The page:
Enterprise Compliance Today

What Most Governance, Risk and Compliance Software is Missing

Posted by Greg Carroll on Fri, Sep 27, 2013 @ 05:00 AM

A manager doesn't have to dig in different places for information if her enterprise's database stucture uses the brain as a model. See the difference -- and what it means for you -- in this video clip.


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Information stored in traditional relational databases is difficult to access. Information stored using a neural architecture model is easy to access. This video clip shows how a relationships-as-data architecture simplifies governance, risk and compliance activities. More videos »

A common complaint of managers is that they can't find the information they need, when they need it. Usually that's because they work in a company with a traditional relational database structure, where information is stored in silos. Managers need to know how the data is structured so they can look in the right place. And as this kind of system matures, more detail is buried deeper and deeper in silos.

A manager doesn't have to dig in different silos if her enterprise's database stucture uses the brain as a model. The brain uses neural connections to store information, and new information is stored as additional connections. Similarly, software built on a neural data model stores real world relationships and uses them to link data.

A smart "hire" is savvy about relationships

Take the example in the video. Imagine you are a manager in an enteprise environment where there are a high number of users on multiple servers located in several countries. You need to know the connection between a Mr. Brown and Mr. Lee at a specific facility.

In the real world, the two are connected in at least three ways:

  • They are coworkers at the facility
  • Mr. Lee broke his leg at a facility that Mr. Brown manages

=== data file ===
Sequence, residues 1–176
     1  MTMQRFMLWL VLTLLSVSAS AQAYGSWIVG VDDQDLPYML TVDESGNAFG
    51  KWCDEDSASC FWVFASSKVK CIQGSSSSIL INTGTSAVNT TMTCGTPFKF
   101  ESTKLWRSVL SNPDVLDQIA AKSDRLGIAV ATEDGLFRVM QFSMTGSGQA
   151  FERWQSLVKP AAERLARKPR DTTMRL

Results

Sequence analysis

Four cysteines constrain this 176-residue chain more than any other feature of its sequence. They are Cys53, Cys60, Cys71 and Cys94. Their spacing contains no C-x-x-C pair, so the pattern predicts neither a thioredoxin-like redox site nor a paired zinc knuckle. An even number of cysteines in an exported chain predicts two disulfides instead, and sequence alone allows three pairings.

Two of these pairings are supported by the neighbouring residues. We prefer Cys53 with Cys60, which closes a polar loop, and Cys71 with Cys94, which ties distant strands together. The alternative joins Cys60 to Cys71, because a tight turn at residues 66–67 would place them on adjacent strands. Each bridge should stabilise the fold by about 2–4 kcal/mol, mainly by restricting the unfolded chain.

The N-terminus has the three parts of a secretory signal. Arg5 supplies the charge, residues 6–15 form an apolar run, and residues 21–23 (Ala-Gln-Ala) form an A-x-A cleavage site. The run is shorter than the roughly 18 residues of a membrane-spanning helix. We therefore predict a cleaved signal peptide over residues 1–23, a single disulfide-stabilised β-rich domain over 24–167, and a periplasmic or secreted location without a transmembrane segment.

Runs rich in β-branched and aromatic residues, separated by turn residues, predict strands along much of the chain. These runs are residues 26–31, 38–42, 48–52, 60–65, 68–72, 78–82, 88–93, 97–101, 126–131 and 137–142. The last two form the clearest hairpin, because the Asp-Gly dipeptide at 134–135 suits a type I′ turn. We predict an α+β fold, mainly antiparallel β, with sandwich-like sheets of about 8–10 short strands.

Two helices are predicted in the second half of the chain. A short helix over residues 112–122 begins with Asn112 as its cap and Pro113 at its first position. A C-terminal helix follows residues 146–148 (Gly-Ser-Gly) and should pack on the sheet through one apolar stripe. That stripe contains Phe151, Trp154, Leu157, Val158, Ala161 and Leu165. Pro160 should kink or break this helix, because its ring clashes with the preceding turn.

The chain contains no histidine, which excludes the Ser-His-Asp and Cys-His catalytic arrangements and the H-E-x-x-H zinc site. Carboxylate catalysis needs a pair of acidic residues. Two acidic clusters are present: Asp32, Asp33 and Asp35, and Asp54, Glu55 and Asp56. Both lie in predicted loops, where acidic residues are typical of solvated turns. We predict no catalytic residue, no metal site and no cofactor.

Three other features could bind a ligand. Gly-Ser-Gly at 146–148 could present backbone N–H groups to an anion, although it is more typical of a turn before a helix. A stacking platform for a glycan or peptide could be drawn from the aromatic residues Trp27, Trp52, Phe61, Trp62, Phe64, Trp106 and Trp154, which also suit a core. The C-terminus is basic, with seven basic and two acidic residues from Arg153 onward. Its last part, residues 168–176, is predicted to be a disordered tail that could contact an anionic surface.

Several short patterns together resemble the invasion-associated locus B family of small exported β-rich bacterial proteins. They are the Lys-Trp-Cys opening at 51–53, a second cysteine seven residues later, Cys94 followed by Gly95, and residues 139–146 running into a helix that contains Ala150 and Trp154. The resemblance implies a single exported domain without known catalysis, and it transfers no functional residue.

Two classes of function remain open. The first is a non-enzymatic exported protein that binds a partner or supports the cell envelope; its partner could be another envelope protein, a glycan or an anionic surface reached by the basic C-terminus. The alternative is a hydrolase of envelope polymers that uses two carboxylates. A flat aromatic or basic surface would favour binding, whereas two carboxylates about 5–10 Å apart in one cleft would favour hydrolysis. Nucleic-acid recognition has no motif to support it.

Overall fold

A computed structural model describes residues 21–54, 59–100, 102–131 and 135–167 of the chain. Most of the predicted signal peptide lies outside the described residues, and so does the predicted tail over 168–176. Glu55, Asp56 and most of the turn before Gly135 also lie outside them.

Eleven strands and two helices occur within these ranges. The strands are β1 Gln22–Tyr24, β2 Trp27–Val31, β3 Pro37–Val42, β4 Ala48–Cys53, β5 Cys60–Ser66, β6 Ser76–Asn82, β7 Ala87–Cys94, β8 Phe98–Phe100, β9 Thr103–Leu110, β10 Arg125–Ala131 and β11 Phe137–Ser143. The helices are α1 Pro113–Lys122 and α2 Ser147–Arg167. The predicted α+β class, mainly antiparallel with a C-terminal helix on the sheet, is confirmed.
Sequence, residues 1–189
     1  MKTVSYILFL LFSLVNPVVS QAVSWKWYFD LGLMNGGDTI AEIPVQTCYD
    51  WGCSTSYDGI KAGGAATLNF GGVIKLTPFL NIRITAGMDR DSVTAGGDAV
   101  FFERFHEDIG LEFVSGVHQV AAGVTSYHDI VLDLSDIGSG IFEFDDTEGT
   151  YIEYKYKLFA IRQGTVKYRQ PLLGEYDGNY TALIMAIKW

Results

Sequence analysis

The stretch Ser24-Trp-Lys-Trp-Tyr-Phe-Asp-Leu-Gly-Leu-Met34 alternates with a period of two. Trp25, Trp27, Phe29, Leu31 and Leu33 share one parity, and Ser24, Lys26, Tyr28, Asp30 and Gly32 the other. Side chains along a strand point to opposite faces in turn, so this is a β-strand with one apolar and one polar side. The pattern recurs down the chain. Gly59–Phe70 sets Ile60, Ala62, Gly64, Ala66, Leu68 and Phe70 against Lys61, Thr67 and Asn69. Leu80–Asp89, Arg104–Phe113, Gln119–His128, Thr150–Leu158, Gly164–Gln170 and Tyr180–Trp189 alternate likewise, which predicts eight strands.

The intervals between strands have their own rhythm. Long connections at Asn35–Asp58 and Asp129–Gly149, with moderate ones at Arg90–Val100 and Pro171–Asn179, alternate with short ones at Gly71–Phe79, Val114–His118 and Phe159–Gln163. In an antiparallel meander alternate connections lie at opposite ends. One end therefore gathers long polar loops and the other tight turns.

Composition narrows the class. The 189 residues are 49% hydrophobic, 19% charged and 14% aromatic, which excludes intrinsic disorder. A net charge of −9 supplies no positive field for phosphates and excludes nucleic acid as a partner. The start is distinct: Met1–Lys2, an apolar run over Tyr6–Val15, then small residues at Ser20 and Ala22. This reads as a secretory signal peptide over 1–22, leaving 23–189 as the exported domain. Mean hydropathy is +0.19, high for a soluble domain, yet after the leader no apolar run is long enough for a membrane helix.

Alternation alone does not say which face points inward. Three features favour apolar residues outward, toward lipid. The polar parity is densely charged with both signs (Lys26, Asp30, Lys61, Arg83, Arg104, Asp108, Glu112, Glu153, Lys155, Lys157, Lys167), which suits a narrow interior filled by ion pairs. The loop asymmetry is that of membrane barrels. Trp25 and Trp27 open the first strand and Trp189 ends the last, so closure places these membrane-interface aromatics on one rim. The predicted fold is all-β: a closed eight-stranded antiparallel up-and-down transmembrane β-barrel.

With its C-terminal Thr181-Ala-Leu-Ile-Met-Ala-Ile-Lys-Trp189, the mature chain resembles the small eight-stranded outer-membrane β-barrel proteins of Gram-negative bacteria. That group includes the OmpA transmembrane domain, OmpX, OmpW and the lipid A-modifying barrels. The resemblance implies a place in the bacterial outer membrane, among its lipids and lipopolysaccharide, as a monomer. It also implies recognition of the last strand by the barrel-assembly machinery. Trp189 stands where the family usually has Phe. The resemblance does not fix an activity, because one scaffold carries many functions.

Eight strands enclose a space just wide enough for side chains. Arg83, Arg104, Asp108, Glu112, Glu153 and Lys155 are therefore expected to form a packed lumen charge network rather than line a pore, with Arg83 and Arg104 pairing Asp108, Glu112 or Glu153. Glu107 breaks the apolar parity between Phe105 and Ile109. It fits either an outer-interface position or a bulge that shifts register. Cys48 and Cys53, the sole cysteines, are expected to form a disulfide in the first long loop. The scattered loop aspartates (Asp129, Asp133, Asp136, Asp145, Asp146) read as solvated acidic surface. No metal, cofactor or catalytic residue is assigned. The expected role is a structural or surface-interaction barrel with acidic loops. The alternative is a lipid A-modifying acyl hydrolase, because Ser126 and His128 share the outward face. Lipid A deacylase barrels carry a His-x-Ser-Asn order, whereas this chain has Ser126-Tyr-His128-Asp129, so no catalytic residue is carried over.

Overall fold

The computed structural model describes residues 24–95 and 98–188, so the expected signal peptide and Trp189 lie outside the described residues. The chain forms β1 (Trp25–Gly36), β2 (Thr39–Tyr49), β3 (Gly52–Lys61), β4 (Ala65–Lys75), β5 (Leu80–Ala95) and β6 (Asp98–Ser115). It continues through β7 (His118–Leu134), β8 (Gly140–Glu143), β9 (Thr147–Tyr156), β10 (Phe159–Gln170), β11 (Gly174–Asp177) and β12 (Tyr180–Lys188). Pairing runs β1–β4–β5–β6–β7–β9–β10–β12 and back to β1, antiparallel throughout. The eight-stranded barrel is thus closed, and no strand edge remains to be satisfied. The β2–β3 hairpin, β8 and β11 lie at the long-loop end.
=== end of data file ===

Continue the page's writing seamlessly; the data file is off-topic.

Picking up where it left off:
• They attended a first aid certification course together

If your company's database structure is old school, to grasp how the two are connected you'll need to look through employment histories, staff certification histories, and facility accident reports and spot both individuals in each place. That takes time (and may not even happen -- you may not think to look in one of those silos at all).

If your company's database structure is like Fast Track's, you will immediately see several relationships. You can log in and pick any person, product or event, and see how it relates to other people, products and events, in any combination. Your database is now a powerful management tool, allowing you to act on existing information without digging. 

Wherever you are, whatever your starting point, you can follow links to see all the relevant information. And as more information is added, the system evolves and gets stronger, instead of getting more compartmentalized and unwieldy.

Ask the hard questions

One of the toughest things to do when hiring, is knowing which questions to ask. A critical question to ask a potential compliance software provider is:

Can we see in real time and in multiple ways all the information associated with a person, product, or event? May I see some examples?


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Tags: corporate governance, risk identification